| I was in a conversation recently with a group of people when one of them screeched and jumped out of her chair suddenly and without warning. It turned out that there was a spider hanging from a web near her head and she has a nearly pathological aversion to them. The majority of people in the group responded in varying degrees, but most of them were definitely in the negative and a general call went up for the poor arachnid's immediate execution. I found this response a little extreme, being someone who is not in the least freaked out by pretty much anything, but there were only two of us in the group who didn't advocate killing it, so I quickly coaxed the poor spider into a cup and took it outside before the mob could lynch it.
Being creeped out by spiders seems to be a very common response among humans. All three of my children hate spiders for some reason and I can safely say that it is a fear they did not get from me. I am certain that people have fears that they frequently pass on to their children, but I think that some reactions are carved in stone in a personality from very early childhood. I can't stand clowns, my brothers can't stand clowns, and my kids can't stand clowns, but I can honestly say that their hatred and fear of clowns manifested itself at such a young age that it seems improbable that I passed it on to them. When my oldest was a baby under a year old a friend of ours gave him a clown doll that had a mechanism in it like a music box that played the song, 'Send in the Clowns', when you wound it up. The tune was lovely and the clown was one of those old fashioned kind that was kind of Venetian in appearance. The first thing my son heard was the song, and he perked right up and was interested, but when he saw where the song was coming from he took one look and screamed bloody murder. It was so bad that my husband had to take the stupid thing out of the house until it wound down and then put it in the garage. Since my boy was only 4 months old at the time, it seems unlikely that I had ever had the opportunity or the inclination to influence him with a lecture on the creepiness of clowns. As far as I could tell he had never even seen one before. His hatred of clowns continued into adulthood.
There are plenty of phobias out there, but our shared dislike of clowns doesn't fall into that category. None of us scream and flee if we see one. My sister-in-law has a bat phobia and I can guarantee you that if she were trapped in a room with a bat she would go out of her mind. If we were trapped in a room with a clown we would probably just wrestle him to the floor and sit on him until he agreed to take off his makeup. There is a line between a genuine phobia and just finding something creepy. My youngest son finds dolls kind of creepy. He is pretty eclectic in his opinion of dolls and he doesn't care much what kind they are. He finds everything from baby dolls to Barbie equally creepy. I told him that he would have to get over his aversion to dolls if he ever had kids. He feels certain that he will be able to control it because it is more of an opinion than a fear.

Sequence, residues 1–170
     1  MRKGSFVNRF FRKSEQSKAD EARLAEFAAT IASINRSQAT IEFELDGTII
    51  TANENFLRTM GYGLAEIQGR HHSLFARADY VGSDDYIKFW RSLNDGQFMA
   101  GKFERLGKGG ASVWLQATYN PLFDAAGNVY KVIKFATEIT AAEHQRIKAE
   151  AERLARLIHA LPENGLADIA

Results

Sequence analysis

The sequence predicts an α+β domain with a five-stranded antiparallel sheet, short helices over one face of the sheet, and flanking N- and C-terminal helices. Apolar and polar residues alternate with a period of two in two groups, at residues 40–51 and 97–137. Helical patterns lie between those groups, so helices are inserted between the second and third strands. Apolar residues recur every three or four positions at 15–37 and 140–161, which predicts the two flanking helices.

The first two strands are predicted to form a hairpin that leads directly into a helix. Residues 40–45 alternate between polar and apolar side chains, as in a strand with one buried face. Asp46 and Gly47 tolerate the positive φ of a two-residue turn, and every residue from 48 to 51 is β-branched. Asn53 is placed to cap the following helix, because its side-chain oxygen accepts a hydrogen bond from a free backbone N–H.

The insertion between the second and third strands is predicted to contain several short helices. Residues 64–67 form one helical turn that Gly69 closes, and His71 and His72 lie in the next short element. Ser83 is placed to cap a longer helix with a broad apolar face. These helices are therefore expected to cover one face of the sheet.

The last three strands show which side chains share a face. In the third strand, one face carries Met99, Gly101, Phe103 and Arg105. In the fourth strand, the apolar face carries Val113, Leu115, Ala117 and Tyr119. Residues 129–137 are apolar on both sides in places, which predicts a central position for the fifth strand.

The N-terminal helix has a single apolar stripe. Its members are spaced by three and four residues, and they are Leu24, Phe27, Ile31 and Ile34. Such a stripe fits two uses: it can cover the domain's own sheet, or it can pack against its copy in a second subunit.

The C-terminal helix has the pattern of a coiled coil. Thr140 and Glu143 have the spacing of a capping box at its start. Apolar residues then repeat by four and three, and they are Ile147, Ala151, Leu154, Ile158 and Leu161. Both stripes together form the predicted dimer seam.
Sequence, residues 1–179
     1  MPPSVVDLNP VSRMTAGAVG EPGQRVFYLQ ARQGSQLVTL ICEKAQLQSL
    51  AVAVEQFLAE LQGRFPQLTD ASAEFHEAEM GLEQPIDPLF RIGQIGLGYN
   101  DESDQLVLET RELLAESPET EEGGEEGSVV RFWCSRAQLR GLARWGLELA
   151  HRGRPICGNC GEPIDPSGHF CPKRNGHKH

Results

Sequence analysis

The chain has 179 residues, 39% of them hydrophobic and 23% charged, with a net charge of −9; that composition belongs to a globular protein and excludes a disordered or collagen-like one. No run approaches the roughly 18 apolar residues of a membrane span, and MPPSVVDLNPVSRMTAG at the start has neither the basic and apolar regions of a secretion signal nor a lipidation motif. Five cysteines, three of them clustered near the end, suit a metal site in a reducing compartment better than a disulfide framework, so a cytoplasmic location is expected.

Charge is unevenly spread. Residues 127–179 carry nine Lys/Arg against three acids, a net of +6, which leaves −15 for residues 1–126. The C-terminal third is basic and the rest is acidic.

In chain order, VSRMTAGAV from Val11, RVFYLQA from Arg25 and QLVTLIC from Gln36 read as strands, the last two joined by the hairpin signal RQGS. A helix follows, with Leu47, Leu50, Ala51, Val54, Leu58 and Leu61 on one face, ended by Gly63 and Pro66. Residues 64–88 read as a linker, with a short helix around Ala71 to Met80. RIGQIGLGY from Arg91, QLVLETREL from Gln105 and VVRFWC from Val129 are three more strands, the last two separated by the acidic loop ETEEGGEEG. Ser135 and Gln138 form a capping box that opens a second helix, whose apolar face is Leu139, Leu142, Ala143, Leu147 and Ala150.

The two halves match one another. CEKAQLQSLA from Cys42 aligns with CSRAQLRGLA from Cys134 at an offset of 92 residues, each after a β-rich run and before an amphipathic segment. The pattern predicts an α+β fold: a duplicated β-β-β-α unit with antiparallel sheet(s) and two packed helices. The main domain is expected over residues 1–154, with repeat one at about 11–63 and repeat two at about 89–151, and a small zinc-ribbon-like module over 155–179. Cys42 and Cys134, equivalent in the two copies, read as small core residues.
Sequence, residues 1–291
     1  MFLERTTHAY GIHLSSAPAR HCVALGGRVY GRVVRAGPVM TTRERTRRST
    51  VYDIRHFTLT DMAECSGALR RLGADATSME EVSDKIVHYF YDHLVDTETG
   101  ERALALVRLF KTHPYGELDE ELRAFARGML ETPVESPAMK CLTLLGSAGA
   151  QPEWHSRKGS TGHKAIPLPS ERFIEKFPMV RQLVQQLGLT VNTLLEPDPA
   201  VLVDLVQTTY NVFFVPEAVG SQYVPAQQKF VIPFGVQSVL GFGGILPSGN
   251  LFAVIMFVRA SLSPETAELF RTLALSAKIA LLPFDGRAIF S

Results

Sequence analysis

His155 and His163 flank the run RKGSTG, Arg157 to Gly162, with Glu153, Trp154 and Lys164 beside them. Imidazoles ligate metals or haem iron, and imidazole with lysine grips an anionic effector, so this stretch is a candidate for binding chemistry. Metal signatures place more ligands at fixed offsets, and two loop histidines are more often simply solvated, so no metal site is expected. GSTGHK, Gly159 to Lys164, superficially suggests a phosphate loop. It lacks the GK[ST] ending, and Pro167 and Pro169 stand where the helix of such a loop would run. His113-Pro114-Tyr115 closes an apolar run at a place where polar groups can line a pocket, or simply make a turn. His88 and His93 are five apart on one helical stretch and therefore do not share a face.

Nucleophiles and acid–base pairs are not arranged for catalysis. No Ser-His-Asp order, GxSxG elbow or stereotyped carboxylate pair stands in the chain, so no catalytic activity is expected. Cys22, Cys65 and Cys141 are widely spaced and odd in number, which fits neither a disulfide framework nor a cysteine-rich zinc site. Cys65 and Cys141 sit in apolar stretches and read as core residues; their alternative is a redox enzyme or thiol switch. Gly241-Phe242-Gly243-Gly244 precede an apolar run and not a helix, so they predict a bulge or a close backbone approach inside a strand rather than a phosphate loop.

I decided to do some research on why people find things like clowns and dolls creepy and I discovered that there is a term coined by a robotics scientist that defines this response to things that look human but are not as the, 'uncanny valley', that point at which something is human looking enough but still not natural. According to this theory, people tend to respond in a positive manner to robots that have human qualities but are not replicas of humans. This is why we all love R2D2 and his friend and Wall-e and other robot characters we encounter in visual mediums. They are humanesque, in that they have personalities and the ability to communicate, but they are not human in their rendering. They are adorable and lovable. There are robot characters on the other end of the spectrum who are supposed to be androids designed to appear human that don't seem to bother anyone because they are usually portrayed to be indistinguishable from actual people in the main. These characters are usually portrayed by actors and have completely natural body movements and expressions. The uncanny valley falls between these two areas, where something is designed to be as human as possible but are still not. They don't move right, they don't look right, they don't speak naturally, and they lack fluid expression. In tests scientists have found that the things that fall into the 'uncanny valley' are the ones that cause people to get creeped out and make them uncomfortable. When exposed to robots who fall into this area people's blood pressure would rise and their pulses increase significantly and they would not want to look at them for very long.
I found the research very interesting and it got me to thinking. On reflection, I decided that everyone probably has their own individual 'uncanny valley'. Evidently, there are clowns in mine. On the other hand, I think there may be some real, live people living there as well. There are things that creep me out far worse than metal, plastic, and gears.